It has been seven years since my husband and I became a foster home, now known as Resource Parents. Three years ago we had settled in with our two now adopted children and I had an itch to step back onto the front lines of foster care. My agency must have known, as one night I received a phone call. “Are you available to take a seven month old baby? He’ll be ready in a few hours.” Was I? Was I?! Yikes, a few minutes to answer. My children are toddlers, I didn’t have baby stuff. But I would do it. Yes, we could provide a home.
Luckily that child had found another emergency home by that time. But I had said yes, so the social worker asked if she could put me on her emergency placement list. “Is there a need?” I asked. “HUGE!” was the reply. Alright, we were doing this. A few days later my phone rang again. An almost two year old needed a safe place to spend the night. They were trying to locate a grandparent. Could I meet him at the local emergency room? Sure! I was on it. I felt nervous, but excited to meet this little being. How would I know who he was?
I showed up at the ER. He was easy to spot. A man sitting with a tie, briefcase, name-tag and coffee joined by a small child who was severely under-dressed for the cold night air. Within a few hours I had learned that this child was not going to be an overnight visitor, he would be staying an indefinite number of days. He was not a stranger to the hands of foster care, this was not his first rodeo. He let me hold him and clung to me during his medical exam. His innocence worked its way into my heart and soul. Yes, I would keep him safe for however long was needed.
Two hours later we pulled into my driveway. It was now after midnight and the stress of the day had knocked the energy out of this guy. He was fast asleep and slept through the transfer into our home. In the morning this little sweetie awoke, terrified, alert, silent. Strange home, unfamiliar caregiver, noisy children bouncing around with excitement.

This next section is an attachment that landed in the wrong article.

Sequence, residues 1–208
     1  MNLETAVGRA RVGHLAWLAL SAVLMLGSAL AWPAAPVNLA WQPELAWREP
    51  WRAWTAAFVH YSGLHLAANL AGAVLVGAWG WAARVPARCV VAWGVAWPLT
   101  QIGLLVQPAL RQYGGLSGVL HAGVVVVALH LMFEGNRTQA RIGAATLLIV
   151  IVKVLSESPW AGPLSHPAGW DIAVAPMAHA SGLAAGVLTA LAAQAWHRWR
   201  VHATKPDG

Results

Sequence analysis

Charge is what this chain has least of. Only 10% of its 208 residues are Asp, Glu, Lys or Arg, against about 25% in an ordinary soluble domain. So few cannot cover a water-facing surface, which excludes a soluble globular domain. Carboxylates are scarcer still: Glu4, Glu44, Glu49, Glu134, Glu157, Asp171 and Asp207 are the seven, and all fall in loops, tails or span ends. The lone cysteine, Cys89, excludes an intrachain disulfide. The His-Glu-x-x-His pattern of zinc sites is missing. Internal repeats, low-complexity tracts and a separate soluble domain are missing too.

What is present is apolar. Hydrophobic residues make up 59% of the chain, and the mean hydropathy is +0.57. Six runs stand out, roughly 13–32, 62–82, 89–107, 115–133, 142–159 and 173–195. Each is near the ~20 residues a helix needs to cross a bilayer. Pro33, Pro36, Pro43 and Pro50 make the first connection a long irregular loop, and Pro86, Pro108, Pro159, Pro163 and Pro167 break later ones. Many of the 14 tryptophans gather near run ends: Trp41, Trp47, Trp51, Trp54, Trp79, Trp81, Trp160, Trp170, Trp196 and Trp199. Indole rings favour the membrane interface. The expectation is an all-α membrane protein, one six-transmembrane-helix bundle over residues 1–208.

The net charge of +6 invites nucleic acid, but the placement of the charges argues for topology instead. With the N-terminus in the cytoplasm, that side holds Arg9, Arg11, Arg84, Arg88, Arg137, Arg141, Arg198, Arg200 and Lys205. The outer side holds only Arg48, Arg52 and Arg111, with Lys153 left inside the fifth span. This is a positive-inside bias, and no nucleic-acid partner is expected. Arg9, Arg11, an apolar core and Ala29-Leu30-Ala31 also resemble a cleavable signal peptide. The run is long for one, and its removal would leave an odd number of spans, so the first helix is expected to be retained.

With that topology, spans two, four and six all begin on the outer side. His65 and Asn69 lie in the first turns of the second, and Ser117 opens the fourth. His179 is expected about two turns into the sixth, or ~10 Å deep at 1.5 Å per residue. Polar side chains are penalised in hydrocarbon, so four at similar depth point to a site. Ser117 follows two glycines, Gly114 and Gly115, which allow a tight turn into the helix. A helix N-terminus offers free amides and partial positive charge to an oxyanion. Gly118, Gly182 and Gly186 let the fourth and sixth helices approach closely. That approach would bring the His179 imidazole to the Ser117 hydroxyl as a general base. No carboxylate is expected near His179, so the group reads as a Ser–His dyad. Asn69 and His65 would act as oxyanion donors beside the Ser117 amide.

All this guy had was a too-large tank top, a too-small pair of shorts, and one sock. It was raining. It was apparent that I needed supplies, quickly. I had no choice but to load a recently traumatized babe up in my car and drive to no less than three stores. We needed diapers, socks, pajamas, shirts, shoes, pants, jackets. He was unfamiliar with home cooked meals. A trip to the grocery store next to figure out what this silent being might eat. He had to be hungry, it had been 18 hours at least. Juice, granola bars, oatmeal. His face lit up. Into the cart they went.
Hundreds of dollars went into getting the basic items for this little one. Yes, Resource Families do get a stipend and some reimbursements, but it barely covers the cost of the child’s care and often does not arrive for weeks or months. Yes, this money came out of our already tight budget. Yes, I was pinching pennies and only bought the necessities. Yes, this child was worth it.
How can Our Village Closet help? Our vision is to help offset these upfront costs to taking a child into your home. I imagine a place where a Resource Family can go and have access to needed supplies. I imagine a space that is welcoming, calm, inviting. I imagine a Resource Parent and child being met there with warmth and understanding. A place to connect with others walking this walk. A place to access resources, find specialty supplies, vent, cry, rejoice. A place to feel at home and accepted as you come. Our Village.